A round up of excellent New Zealand art books and editions
Stoic patriotism in the New Zealand art world is a ‘thing’ for good reason. Our artists are topping-the-world-charts exemplars. If your art budget’s on the leaner side, you now have the option of heading straight to the curators of many a great art book and edition via ArtNow.
Yona Lee: In Transit (Arrival)
Te Tuhi is proud to present the publication Yona Lee: In Transit (Arrival). Documenting the elaborate installation In Transit (Arrival) by Auckland-based artist Yona Lee, this limited-edition, bi-lingual (English and Korean) publication features full-page colour images of the work plus writing by Jinsuk Suh, director, Nam June Paik Art Center, Seoul; Bruce E. Phillips, curator at large, Te Tuhi; Jungah Lee, curator, Alternative Space LOOP, Seoul and design by award-winning graphic designer Kalee Jackson.
Harry Culy’s The Gap is an ongoing series of seascapes started in 2014. It presents views of the horizon from Sydney’s South End Beach at various times of day under different weather conditions — fixing the unfixable ‘moods of the sea’. This classic formal exercise took on other dimensions when Culy discovered the dark history of this site as a notorious suicide spot. His seascapes speak to stillness and movement, beauty and horror, life and death — and photography’s capacity to cross these divides.
Edith Amituanai: Double Take
This publication and the exhibition it accompanies is the first to survey Edith Amituanai’s photographic practice. In images spanning 2003 to the present, Amituanai shares her experiences of life as a first-generation, New Zealand-born Sāmoan, presenting portraits of people and places from her home in Ranui, West Auckland to her homeland of Sāmoa, to the scattered sites of Pacific diaspora from Christchurch, New Zealand to Montpellier, France, and Anchorage, Alaska.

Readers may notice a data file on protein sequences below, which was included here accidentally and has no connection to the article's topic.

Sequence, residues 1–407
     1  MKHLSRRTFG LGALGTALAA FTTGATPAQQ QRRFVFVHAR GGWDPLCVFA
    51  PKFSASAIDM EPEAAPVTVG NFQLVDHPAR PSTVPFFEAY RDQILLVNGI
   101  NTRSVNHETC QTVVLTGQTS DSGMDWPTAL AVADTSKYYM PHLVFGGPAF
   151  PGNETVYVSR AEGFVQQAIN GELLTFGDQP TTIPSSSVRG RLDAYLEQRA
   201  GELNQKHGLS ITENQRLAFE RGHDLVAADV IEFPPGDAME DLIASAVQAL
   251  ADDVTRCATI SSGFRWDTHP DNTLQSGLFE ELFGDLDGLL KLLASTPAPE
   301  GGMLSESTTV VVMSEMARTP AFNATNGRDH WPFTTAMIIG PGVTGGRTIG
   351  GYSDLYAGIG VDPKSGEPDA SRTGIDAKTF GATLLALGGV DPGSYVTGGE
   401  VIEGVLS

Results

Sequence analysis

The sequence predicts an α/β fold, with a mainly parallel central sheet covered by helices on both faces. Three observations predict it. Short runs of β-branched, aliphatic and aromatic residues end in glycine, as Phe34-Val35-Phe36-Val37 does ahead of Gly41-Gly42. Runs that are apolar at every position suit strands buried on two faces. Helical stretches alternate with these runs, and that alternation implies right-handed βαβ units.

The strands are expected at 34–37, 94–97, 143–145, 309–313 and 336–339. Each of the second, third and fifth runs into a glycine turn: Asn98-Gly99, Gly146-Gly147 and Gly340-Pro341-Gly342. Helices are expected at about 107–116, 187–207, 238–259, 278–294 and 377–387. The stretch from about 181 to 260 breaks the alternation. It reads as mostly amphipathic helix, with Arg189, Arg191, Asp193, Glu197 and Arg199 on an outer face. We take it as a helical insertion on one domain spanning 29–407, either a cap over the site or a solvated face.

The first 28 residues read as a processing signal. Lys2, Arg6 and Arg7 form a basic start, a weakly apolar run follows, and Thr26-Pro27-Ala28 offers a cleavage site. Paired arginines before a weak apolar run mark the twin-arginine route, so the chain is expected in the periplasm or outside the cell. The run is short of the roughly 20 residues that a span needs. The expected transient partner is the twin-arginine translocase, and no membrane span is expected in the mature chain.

These prove her empathy and engagement, confounding photography’s reputation as an organ of control and objectification. In this volume, Haruhiko Sameshima calls Amituanai a ‘village photographer’. This term aptly captures her commitment to record events and occasions as an embedded chronicler working for her community; it also encompasses the notion that hers is a global village connected by her lens and through her ready embrace of social media. The images brought together speak to the multiple realities that exist both here and across the world that expand our presumptions about who ‘we’ in Aotearoa are and what constitutes ‘home’.
Aro Valley, 1999 by Karl Maughan
Karl Maughan’s Aro Valley (1999) will feature in the touring exhibition and accompanying publication Criminal Ornamentation, organised by Hayward Gallery at Southbank Centre and Arts Council England.
Curated by celebrated British-Nigerian artist Yinka Shonibare, Criminal Ornamentation will feature works from the Arts Council Collection that explore ornamentation in art.
Cause and Effect by John Parker
The book surveys Parker’s extraordinary 50-year career of breaking rules and redefining what it means to make pottery in Aotearoa New Zealand with contributors from around the world including internationally renowned writer, Garth Clark, who studied with Parker at the Royal College of Arts in London in 1974 and 1975.